TV Answer Man, I watched Thursday Night Football tonight (Thursday night) and the picture was great. No problems with the stream and the colors were very bright. But a friend of mine e-mailed me and said his picture was terrible. Lots of buffering. How can that be? — Gino, Jacksonville, Florida.

Gino, Amazon last night streamed its second exclusive Thursday Night Football game (Steelers vs. Browns) and the audience reaction was mixed, to say the least. Many fans on social media said the picture was terrific with vivid colors and no interruptions while many others said the picture was a buffering mess with the dreaded spinning wheel constantly on display in the center of the image.

And when I say ‘many,’ I mean many. Twitter last night was overflowing with both positive and negative comments:

How is it possible that a single stream can cause so many different reactions?

Welcome to live streaming. The picture quality can, and often does, vary depending upon everything from your Internet service provider to the streamer’s servers to your device to your location to…well, about 20 other factors. This is not like cable and satellite which both have a more consistent and reliable delivery. Live streaming can be a joy to watch, or the most frustrating thing ever, and there’s not much you can do about it either way.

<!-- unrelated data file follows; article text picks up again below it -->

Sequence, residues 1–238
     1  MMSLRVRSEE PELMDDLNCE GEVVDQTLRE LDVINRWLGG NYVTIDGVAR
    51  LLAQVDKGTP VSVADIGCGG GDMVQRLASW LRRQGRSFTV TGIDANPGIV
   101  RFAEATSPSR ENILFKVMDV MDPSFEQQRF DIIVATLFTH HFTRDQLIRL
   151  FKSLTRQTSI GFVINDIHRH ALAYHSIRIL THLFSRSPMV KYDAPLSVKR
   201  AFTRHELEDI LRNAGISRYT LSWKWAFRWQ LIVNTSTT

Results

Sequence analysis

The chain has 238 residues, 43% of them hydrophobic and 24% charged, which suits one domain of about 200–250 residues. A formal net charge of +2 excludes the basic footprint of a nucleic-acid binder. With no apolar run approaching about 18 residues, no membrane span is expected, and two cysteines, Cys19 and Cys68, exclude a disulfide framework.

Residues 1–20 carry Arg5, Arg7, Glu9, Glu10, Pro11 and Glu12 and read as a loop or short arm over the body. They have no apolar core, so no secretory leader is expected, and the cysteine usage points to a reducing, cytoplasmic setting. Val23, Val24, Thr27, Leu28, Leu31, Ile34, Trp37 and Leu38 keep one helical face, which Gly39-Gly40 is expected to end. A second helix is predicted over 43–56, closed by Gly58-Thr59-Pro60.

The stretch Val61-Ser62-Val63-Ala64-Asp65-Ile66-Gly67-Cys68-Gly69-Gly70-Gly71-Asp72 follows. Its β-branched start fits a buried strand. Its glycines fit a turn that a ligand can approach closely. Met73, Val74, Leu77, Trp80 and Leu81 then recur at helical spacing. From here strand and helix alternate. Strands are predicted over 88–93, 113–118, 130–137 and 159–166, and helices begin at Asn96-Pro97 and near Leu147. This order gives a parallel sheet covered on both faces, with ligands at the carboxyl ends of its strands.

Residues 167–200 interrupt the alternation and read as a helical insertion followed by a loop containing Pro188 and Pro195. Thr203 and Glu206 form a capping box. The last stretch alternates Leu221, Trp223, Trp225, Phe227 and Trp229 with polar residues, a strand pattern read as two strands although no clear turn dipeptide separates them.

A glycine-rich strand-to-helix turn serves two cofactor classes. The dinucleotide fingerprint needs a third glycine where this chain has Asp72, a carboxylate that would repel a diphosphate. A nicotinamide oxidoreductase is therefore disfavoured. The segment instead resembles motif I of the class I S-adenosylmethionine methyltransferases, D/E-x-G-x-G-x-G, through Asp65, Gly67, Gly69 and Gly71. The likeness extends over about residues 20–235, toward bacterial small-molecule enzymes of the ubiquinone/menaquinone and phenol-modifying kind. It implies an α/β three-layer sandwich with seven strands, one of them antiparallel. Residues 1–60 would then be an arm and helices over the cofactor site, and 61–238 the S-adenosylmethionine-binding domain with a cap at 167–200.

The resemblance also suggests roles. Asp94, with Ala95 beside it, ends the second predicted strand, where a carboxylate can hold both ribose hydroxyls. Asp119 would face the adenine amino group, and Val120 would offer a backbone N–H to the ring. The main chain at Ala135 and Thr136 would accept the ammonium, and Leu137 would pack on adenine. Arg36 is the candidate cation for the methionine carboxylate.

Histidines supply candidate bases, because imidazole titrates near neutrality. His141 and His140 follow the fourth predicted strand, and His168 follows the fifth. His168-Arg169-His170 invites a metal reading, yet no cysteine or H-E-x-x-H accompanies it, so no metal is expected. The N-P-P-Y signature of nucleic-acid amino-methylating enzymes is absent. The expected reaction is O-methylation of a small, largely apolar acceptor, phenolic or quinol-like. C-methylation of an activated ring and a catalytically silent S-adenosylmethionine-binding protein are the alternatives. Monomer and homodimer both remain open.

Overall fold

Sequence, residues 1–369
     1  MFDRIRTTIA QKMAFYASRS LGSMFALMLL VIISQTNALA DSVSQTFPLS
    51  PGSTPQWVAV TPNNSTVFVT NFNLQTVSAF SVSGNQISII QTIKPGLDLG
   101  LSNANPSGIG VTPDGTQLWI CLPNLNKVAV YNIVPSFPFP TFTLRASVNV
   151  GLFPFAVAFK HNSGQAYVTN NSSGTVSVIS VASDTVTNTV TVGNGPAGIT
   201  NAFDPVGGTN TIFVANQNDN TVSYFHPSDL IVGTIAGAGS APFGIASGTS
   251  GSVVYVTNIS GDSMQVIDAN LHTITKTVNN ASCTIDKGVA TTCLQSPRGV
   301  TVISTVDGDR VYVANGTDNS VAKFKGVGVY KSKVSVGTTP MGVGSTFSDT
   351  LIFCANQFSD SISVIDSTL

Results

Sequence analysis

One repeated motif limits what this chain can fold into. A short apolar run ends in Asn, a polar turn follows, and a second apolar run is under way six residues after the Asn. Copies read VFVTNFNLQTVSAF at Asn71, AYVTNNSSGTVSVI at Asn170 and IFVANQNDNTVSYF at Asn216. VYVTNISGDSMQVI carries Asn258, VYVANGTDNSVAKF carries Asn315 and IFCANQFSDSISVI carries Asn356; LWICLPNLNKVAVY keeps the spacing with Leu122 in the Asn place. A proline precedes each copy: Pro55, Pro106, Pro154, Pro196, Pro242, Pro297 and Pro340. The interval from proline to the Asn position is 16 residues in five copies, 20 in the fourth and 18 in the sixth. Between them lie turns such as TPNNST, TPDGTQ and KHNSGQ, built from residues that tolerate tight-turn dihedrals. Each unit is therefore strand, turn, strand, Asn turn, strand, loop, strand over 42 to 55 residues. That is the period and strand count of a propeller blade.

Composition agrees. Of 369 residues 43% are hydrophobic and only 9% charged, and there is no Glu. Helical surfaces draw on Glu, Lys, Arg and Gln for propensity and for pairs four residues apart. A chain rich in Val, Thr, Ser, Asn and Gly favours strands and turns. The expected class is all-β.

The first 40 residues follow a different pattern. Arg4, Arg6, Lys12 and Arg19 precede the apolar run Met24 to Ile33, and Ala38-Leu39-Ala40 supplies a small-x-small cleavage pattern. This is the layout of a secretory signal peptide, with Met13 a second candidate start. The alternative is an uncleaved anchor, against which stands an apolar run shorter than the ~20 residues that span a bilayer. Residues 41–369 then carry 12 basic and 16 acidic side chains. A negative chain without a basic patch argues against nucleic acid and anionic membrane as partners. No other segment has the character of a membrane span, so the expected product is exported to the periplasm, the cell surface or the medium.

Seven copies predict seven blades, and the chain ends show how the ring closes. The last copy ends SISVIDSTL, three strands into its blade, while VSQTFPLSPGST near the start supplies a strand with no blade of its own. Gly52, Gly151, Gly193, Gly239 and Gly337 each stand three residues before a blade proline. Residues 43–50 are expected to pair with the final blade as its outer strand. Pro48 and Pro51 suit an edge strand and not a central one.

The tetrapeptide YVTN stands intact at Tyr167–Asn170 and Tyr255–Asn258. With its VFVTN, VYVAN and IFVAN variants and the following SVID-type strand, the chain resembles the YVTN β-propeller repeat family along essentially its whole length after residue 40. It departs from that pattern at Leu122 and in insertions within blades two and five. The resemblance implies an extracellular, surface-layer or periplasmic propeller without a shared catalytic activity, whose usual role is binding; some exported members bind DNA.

Sure, you can employ some of the usual tricks such as upgrading your Internet service or using a wired connection instead of WiFi. But even those actions may not help. Some fans last night who had streaming issues noted that they have the fastest Internet service available on the market.

Since the streaming companies are flush with cash these days, they will get more and more live sports exclusives. (By example, the New York Yankees’ Aaron Judge may break Roger Maris’ HR record tonight and you will only be able to see it on Apple TV+.)

Our only hope is that the technology improves — and fast.

Gino, hope that helps. Happy viewing and stay safe!

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— Phillip Swann